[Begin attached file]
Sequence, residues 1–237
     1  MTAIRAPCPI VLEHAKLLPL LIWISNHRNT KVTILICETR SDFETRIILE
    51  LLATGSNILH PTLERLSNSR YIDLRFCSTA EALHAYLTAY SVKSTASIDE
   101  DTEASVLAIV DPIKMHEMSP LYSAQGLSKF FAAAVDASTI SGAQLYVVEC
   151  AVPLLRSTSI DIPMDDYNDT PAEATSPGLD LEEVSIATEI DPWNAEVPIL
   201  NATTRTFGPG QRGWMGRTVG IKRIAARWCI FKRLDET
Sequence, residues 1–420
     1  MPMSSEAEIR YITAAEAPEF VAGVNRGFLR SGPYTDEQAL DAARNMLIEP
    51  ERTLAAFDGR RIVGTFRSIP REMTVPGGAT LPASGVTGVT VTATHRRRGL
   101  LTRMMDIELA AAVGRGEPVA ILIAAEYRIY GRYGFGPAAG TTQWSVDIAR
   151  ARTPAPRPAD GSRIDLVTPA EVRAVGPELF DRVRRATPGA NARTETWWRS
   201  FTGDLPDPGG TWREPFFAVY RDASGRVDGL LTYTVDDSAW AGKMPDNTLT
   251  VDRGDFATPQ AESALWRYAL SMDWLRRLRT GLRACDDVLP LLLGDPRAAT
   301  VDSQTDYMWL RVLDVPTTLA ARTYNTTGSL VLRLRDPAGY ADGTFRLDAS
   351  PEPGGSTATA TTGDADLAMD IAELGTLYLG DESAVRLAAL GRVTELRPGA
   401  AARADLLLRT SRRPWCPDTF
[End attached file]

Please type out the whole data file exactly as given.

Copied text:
Sequence, residues 1–237
     1  MTAIRAPCPI VLEHAKLLPL LIWISNHRNT KVTILICETR SDFETRIILE
    51  LLATGSNILH PTLERLSNSR YIDLRFCSTA EALHAYLTAY SVKSTASIDE
   101  DTEASVLAIV DPIKMHEMSP LYSAQGLSKF FAAAVDASTI SGAQLYVVEC
   151  AVPLLRSTSI DIPMDDYNDT PAEATSPGLD LEEVSIATEI DPWNAEVPIL
   201  NATTRTFGPG QRGWMGRTVG IKRIAARWCI FKRLDET
Sequence, residues 1–420
     1  MPMSSEAEIR YITAAEAPEF VAGVNRGFLR SGPYTDEQAL DAARNMLIEP
    51  ERTLAAFDGR RIVGTFRSIP REMTVPGGAT LPASGVTGVT VTATHRRRGL
   101  LTRMMDIELA AAVGRGEPVA ILIAAEYRIY GRYGFGPAAG TTQWSVDIAR
   151  ARTPAPRPAD GSRIDLVTPA EVRAVGPELF DRVRRATPGA NARTETWWRS
   201  FTGDLPDPGG TWREPFFAVY RDASGRVDGL LTYTVDDSAW AGKMPDNTLT
   251  VDRGDFATPQ AESALWRYAL SMDWLRRLRT GLRACDDVLP LLLGDPRAAT
   301  VDSQTDYMWL RVLDVPTTLA ARTYNTTGSL VLRLRDPAGY ADGTFRLDAS
   351  PEPGGSTATA TTGDADLAMD IAELGTLYLG DESAVRLAAL GRVTELRPGA
   401  AARADLLLRT SRRPWCPDTF